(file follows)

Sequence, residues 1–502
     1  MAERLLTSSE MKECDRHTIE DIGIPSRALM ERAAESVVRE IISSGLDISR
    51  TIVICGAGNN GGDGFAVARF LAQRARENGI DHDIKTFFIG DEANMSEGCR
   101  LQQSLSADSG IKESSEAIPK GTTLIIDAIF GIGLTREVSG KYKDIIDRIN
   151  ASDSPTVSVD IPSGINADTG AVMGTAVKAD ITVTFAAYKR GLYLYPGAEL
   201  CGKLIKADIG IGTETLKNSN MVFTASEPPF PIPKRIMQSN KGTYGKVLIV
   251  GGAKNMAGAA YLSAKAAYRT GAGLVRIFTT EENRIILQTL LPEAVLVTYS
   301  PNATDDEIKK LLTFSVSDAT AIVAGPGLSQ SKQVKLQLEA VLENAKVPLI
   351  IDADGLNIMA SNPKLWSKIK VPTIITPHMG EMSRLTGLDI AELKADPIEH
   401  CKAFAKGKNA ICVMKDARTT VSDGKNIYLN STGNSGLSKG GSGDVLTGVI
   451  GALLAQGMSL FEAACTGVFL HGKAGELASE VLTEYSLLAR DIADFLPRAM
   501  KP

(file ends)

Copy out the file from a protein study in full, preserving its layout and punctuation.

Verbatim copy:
Sequence, residues 1–502
     1  MAERLLTSSE MKECDRHTIE DIGIPSRALM ERAAESVVRE IISSGLDISR
    51  TIVICGAGNN GGDGFAVARF LAQRARENGI DHDIKTFFIG DEANMSEGCR
   101  LQQSLSADSG IKESSEAIPK GTTLIIDAIF GIGLTREVSG KYKDIIDRIN
   151  ASDSPTVSVD IPSGINADTG AVMGTAVKAD ITVTFAAYKR GLYLYPGAEL
   201  CGKLIKADIG IGTETLKNSN MVFTASEPPF PIPKRIMQSN KGTYGKVLIV
   251  GGAKNMAGAA YLSAKAAYRT GAGLVRIFTT EENRIILQTL LPEAVLVTYS
   301  PNATDDEIKK LLTFSVSDAT AIVAGPGLSQ SKQVKLQLEA VLENAKVPLI
   351  IDADGLNIMA SNPKLWSKIK VPTIITPHMG EMSRLTGLDI AELKADPIEH
   401  CKAFAKGKNA ICVMKDARTT VSDGKNIYLN STGNSGLSKG GSGDVLTGVI
   451  GALLAQGMSL FEAACTGVFL HGKAGELASE VLTEYSLLAR DIADFLPRAM
   501  KP